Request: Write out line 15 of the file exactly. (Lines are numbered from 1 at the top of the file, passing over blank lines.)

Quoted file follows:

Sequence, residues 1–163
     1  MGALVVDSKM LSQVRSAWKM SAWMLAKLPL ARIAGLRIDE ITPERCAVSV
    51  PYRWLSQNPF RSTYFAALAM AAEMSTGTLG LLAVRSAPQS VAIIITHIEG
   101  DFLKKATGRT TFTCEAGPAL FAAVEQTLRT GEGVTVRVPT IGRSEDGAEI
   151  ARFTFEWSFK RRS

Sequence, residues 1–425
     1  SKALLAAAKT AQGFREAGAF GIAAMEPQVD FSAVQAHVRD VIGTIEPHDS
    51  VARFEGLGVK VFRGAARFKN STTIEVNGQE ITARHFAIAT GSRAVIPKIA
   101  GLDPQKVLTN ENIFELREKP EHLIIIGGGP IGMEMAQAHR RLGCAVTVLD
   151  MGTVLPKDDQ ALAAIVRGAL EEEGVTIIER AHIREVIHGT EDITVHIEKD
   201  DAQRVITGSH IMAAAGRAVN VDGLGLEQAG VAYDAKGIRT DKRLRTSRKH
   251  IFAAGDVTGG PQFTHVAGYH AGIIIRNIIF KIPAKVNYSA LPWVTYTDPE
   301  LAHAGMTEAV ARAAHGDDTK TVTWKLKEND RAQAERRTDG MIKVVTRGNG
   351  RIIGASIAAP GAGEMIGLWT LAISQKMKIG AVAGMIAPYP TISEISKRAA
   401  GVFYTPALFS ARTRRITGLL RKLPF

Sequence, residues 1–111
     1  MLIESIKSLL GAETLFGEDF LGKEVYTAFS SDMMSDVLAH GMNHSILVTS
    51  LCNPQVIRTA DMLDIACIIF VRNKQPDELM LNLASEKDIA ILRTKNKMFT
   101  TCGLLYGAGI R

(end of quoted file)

   401  GVFYTPALFS ARTRRITGLL RKLPF